The hippocampus is critically involved in the early stages of declarative learning, and its function and capacity are degraded during normal aging that causes age-associated learning impairments. It has been repeatedly demonstrated that a cellular biomarker of this age-associated learning deficit is the enlarged Ca2+-dependent postburst afterhyperpolarization (AHP) that reduces the intrinsic excitability of CA1 pyramidal neurons in aged subjects. Thus, we have hypothesized that restoring intrinsic excitability of aged CA1 neurons to a young-like state by reducing the AHP using genetic manipulations would rescue the age-related learning deficits. Hence we have designed a research program to identify the candidate proteins for genetic manipulation with the use of recombinant adeno-associated viral (AAV) vectors. In the initial 3.5 years of this MERIT award, we have determined that 1) Ca2+ accumulation in the cytosol evoked with trains of action potentials is greatly elevated in aged CA1 neurons and may underlie the enlarged AHP in these neurons; 2) Ca2+ buffer capacity is increased in aged CA1 neurons, potentially as a cellular mechanism to counteract the increased Ca2+ accumulation; 3) CREB activation (an important cellular mechanism for protein synthesis necessary for learning and for AHP reduction) is impaired in hippocampus of aged rats; and 4) L-type Ca2+ channel (LTCC) expression on the surface of CA1 neurons is elevated in aged rats, which provides a molecular mechanism for the reported increased Ca2+ influx through LTCC in aged CA1 neurons. Based on these findings, we have identified Ca2+ binding proteins, CREB, and LTCC as candidates to rescue the age-related deficits by manipulating their function with AAV vectors. We have created AAV vectors targeting CREB and LTCC, and will continue the systematic characterization of their potential as therapeutics for restoring the age-related deficits. The candidate Ca2+ binding protein genes to manipulate will be determined from protein microarray experiments (a new powerful method to screen expression level changes in hundreds of proteins), and confirmed through literature review and further molecular (e.g., western blot) assays. In addition, we will identify the source(s) of the elevated Ca2+ accumulation in aged CA1 neurons using Ca2+ imaging with two-photon laser scanning microscopy; and thus, reveal additional potential therapeutic targets for intervention. Our goals remain unchanged: to confirm that the AHP is the key regulator of intrinsic excitability and that targeted molecular methods to reduce the AHP in CA1 neurons in aged subjects will lead to successful learning. Continued success will indicate that the protein being manipulated is a viable candidate to target as a therapeutic intervention point for age-associated learning impairments. This research program has clear relevance to understanding and treating neurodegenerative diseases such as Alzheimer’s Disease, in which aging is the principal risk factor.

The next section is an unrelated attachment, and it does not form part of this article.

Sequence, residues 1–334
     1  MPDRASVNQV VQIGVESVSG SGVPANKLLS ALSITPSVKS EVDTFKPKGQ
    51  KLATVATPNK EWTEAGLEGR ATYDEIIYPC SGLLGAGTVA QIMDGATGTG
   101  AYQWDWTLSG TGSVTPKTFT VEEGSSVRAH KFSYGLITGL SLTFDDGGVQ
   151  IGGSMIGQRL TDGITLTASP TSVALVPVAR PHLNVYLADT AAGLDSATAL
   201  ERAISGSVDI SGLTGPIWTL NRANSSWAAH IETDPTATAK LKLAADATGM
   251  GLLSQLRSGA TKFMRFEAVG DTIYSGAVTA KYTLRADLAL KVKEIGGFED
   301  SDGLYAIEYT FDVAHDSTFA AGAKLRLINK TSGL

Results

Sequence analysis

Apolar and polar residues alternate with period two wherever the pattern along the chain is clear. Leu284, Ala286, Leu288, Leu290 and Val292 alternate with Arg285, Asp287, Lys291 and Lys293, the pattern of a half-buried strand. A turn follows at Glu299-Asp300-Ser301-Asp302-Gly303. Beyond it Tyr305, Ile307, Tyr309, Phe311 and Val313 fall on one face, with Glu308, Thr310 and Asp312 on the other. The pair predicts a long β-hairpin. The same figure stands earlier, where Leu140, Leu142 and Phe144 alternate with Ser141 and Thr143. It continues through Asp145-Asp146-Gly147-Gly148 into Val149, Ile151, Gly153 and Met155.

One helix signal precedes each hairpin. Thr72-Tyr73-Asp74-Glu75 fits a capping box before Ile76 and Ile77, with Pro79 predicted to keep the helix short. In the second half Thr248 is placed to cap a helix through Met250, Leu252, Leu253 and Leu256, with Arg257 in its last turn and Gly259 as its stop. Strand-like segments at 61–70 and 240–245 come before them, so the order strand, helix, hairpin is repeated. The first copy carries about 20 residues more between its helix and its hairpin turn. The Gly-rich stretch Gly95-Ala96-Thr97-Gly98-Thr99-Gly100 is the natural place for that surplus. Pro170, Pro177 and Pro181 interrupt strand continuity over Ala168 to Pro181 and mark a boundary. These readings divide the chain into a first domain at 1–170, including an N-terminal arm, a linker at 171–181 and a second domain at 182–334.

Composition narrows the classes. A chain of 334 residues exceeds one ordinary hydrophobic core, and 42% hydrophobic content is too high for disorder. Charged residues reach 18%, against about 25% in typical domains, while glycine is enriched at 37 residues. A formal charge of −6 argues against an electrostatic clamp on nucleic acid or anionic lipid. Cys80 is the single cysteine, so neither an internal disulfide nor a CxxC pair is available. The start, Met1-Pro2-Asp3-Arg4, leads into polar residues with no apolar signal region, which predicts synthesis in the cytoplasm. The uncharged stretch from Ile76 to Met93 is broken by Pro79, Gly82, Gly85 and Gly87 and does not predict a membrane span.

|Effective start/end date||2/1/15 → 1/31/21|
- National Institute on Aging (3R37AG008796-27S1)